Bread & Butter #002
05th November 2019
On how to craft a new restaurant menu
Opening a restaurant, as we all know, can be a very daunting task. Amongst many other important key tasks is crafting the menu. Here, our team explains the steps when drafting a menu.
How do we determine the direction of a menu?
The direction of the menu goes hand in hand with the concept. It needs to represent sophistication at fine dining restaurants and simplicity at fast-casual restaurants. It is very important to determine what you are trying to achieve and what would be a reasonable price. If we were to visit a no-reservations restaurant serving a high price main course, it may be seen as a hurdle for some guests as they would prefer to reserve a table. The comfort of the seating and the space within the restaurant will determine the price that your guests will be willing to pay. It is important to predetermine what is reasonable for the guests to pay based on your concept.
Things we take into consideration when deciding the price structure:
The food presentation and the size will be indicators for our guests to perceive whether the value is there or not. Guests will choose different restaurants on different days of the week. For instance, The Optimist is more of a festivities restaurant for seasonal celebrations and bigger group gatherings or events because it serves large cuts of meats and fish. A restaurant like Pici is most popular on Sundays when families go out to eat while a restaurant like Tokyolima would be very busy during the weekdays as we have a lot of casual business dinners, early week birthdays and reunions among friends.
Music levels and spacing between tables will determine the level of comfort and how long guests will be at the restaurants, as the more comfortable they are, the longer they will stay. For an experience at Honjo, we would expect our guests to stay for a long time enjoying a multi-course experience that starts at the bar.
Location and spending habits are very important parts when organizing your first menu. We can see the difference within the same concept. Pici in Tsim Sha Tsui is very strong for dinner whereas Pici Lai Chi Kok is very strong for lunch.
Where do we start when preparing a menu?
When preparing a menu for a new restaurant, there are a lot of variables that will determine the success, here are some of the factors that we consider.
Number of dishes
This indicator is very important as it will help us to determine the number of staff we have in the kitchen. The more dishes there are on the menu, the higher chance that we need to have more staff for complicated preparations. Other factors to take into consideration will include wastage, freshness and stock in our inventory in order to maintain a high standard for the menu.
As a rule of thumb, a maximum of five to seven dishes should come from one single area. For instance, a grill heavy menu with only one grill man will cause a bottleneck in the middle of service. Each menu must be balanced in the distribution of the kitchen.
Duration of dining experience
Larger menus may cause guests to need a longer time to make decisions and to reorder food. This will incur a longer dining experience at the restaurant and also longer waiting times for the food to arrive. We find that the magic number falls between 25 to 32 dishes on the menu to have enough variety but at the same time ensure the capacity to deliver high quality and consistency.
How to enjoy the menu
The menus need to be built with the guest experience in mind. Our front of the house team must be able to explain how to best enjoy the menu. In restaurants like Pici, we would always suggest having a small dish and a pasta while potentially sharing a dessert, whereas in restaurants like Tokyolima, we will invite you to navigate through the five different sections on the menu for a great experience. This will include small, raw, sushi, sashimi, big dishes and finally skewer dishes.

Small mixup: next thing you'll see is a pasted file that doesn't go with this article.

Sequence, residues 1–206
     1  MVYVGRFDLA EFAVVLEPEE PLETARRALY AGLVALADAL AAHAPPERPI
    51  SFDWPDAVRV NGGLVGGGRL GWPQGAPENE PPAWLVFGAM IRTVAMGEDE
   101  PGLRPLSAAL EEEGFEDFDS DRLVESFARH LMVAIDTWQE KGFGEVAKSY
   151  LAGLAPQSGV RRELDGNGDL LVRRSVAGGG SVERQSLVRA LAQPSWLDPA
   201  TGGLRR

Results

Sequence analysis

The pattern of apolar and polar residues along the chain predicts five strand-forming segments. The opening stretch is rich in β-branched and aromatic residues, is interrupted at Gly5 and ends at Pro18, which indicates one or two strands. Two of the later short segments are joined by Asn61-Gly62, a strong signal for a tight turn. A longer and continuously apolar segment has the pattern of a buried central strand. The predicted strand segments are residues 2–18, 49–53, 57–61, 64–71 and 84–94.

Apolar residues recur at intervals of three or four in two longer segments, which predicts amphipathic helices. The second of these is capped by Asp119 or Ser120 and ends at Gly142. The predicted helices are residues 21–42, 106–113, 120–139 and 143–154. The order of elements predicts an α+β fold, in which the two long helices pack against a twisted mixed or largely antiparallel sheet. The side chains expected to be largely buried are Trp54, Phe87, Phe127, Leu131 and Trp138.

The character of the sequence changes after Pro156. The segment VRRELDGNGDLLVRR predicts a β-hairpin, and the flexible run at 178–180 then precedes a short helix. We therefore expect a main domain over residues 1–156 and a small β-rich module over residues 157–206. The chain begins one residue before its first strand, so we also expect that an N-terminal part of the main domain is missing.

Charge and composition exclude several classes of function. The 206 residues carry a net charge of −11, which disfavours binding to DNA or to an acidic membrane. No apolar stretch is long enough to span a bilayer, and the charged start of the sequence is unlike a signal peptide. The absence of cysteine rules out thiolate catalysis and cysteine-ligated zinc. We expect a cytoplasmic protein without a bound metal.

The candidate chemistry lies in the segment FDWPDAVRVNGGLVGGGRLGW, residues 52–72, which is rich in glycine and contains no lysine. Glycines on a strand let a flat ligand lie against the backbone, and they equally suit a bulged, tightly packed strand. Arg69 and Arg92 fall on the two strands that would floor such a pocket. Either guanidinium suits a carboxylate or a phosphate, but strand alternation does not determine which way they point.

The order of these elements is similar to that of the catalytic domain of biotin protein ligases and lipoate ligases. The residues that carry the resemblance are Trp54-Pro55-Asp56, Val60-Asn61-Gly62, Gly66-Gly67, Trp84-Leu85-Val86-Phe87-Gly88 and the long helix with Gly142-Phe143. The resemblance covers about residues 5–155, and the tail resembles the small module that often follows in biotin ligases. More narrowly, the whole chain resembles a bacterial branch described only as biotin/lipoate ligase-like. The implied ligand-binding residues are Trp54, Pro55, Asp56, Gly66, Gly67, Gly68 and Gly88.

The mix of a menu is crucial in order to appeal to all kinds of visitors. An unbalanced menu can push away potential guests. As a rule of thumb, we try to create menus that have a good mix of 30% vegetarian dishes, 20% protein dishes, with at least two different meats, two different options for fish and a good selection of light dishes, salads and heavier dishes.
Who does the menu?
At Pirata Group, the menu starts with the concept in collaboration with the Chef. The front of the house team usually drafts the first menu based on what we believe will have a good equilibrium and we set the process in this order.
The number of dishes by section and different options (Meats, vegetables, fish, desserts, etc). A normal menu structure for the Chef will be a good mix of them all.
The minimum and maximum amounts we believe will be fair for our patrons.
Menu design and distribution
We design the menu on a white canvas through how we believe our guests should enjoy it.
Are there any specific questions you ask yourself when preparing a new menu?
The first question will always be, how can we describe our concept? For MEATS, it was always the idea to bring to Hong Kong a meat bar with affordable prices. A place where everyday meat eaters could visit the protein temple for a fast and casual experience. We always try to identify star dishes that in general are dishes that will be perceived as must-haves at our restaurants. Although we don’t always identify them from the beginning but only once the menus are up and running so that we can make use of feedback from guests.
Last but not least, we believe that each table should have as many as six to seven dishes to fully enjoy the best of the restaurant.
How often do you change your menu?
Menus at our restaurants change at least twice a year, following the season. Some restaurants will change their menus less often but will have more daily specials on offer to make the restaurants feel more dynamic.
We hope you have enjoyed the read.